When you run a business, it goes without saying that you face your share of challenges. Hiring new employees is only one of them, but it’s an important one. You want someone who will be trustworthy, take pride in their work, and do a fantastic job representing your company.
Part of that means making sure the person’s up to snuff in every way they need to be and asking yourself the right questions before finalizing your hiring decision. Here are some great examples to keep in mind.
1. Do they seem excited about the position?
Everyone needs to earn a living, and sometimes necessity means taking on work you’re not super excited about. But there’s a big difference between someone who’s taking a job because they have to and someone genuinely interested in a particular position.
If possible, you want to hire someone as excited about your company’s mission as you are. Passionate employees are committed employees who are personally invested in their work. Are they interested in your brand, as well as the industry you’re in? What inspired them to apply for a position with you? Do they picture your company as a part of their professional future?
2. Do they have the right qualifications?
Looking the part and having all the correct answers to your questions is great, but that’s not enough to make someone a good hire. Neither is genuine enthusiasm or lots of industry-specific knowledge. They also need to be qualified in all the right ways, so make sure you do your homework.
Do they have the right experience and qualifications? Are they properly certified, and are any necessary licenses they need current? If their job duties will include driving to any extent, what’s their driving record like? Always follow up on the information someone gives you and make sure it’s truthful. Otherwise, you or your company could be held liable if something goes wrong.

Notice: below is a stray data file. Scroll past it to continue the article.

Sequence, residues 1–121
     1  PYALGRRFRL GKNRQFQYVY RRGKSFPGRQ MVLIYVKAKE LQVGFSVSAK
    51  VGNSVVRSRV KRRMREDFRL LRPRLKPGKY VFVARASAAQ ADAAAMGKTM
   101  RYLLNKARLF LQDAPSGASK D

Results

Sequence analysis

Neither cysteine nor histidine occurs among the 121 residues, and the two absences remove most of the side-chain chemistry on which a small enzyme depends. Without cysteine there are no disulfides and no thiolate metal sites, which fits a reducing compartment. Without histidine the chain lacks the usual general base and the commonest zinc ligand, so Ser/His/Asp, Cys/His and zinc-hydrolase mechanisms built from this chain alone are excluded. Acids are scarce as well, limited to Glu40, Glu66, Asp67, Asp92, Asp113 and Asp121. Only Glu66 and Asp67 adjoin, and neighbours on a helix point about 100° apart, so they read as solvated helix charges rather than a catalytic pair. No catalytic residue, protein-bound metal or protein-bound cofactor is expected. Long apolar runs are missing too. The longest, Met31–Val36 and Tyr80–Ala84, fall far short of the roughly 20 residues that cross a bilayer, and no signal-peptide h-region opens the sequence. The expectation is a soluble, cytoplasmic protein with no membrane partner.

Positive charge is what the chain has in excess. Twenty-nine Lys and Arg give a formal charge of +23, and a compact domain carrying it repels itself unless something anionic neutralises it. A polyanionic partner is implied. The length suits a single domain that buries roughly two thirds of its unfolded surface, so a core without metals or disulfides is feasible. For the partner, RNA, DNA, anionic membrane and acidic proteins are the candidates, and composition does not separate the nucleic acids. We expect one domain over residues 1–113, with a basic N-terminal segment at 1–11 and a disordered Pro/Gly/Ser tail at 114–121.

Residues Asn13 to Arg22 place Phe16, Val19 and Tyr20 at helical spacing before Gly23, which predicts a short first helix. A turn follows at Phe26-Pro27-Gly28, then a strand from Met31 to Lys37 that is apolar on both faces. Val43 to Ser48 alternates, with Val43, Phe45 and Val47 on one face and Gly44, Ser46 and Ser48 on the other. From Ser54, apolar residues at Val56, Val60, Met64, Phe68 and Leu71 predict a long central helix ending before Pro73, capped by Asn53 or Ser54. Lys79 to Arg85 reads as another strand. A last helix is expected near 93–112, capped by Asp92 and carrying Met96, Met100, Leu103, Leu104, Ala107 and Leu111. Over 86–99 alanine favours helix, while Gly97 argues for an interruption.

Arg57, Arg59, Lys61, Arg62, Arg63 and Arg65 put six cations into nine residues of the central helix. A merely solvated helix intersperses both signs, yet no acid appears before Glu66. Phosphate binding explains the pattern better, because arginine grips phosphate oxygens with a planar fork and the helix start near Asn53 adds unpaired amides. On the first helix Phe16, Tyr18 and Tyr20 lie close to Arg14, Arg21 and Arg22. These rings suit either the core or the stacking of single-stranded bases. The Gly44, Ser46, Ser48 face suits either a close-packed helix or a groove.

3. How’s their overall attitude?
Every so often, a great potential hire comes along who lacks a little in the experience department but has a great can-do attitude. They’re cheerful, optimistic, energetic, and on fire about the possibility of working for you. Sometimes it’s well worthwhile to invest a little extra time in training such a person.
You can teach a person the right skills given enough time, patience, and effort. On the other hand, a great attitude is something an employee either has or they don’t. All the skills and qualifications in the world won’t make up for a pessimistic attitude or a serious case of burnout, so make your choices wisely.
4. Are they a good fit for your company culture?
As is the case with attitude, there’s really no substitute for a personality that’s an excellent fit for your team. Great employees who will be happy with your company for many years to come definitely love their work, but they also get along with the rest of your staff. They should have similar values and a consistent work ethic. They don’t necessarily have to be a chatterbox or a natural extrovert. However, you should be able to picture the person making a comfortable transition once they’re on staff.
On the flip side, you want to make sure you’re not overlooking any negatives to hiring the person because they’re a fantastic fit for your company culture. They still need to be qualified, trustworthy, and adequately interested in the position you have to offer.
5. Did the person pass a background check?
Smart business owners never hire someone new before taking a peek into the person’s background. Instincts are essential for sure, but a good feeling about someone isn’t a substitute for a clean background check and references that check out as promised.
Ask for references and follow up with each one. Confirm employment details given on the person’s resume and job application. Look into certifications, licenses, and qualifications. Run a criminal background check to make sure there’s nothing inappropriate about the person’s history you need to know about before making your decision. Smart hiring decisions start with thorough research and plenty of follow-ups when it comes to the necessary details.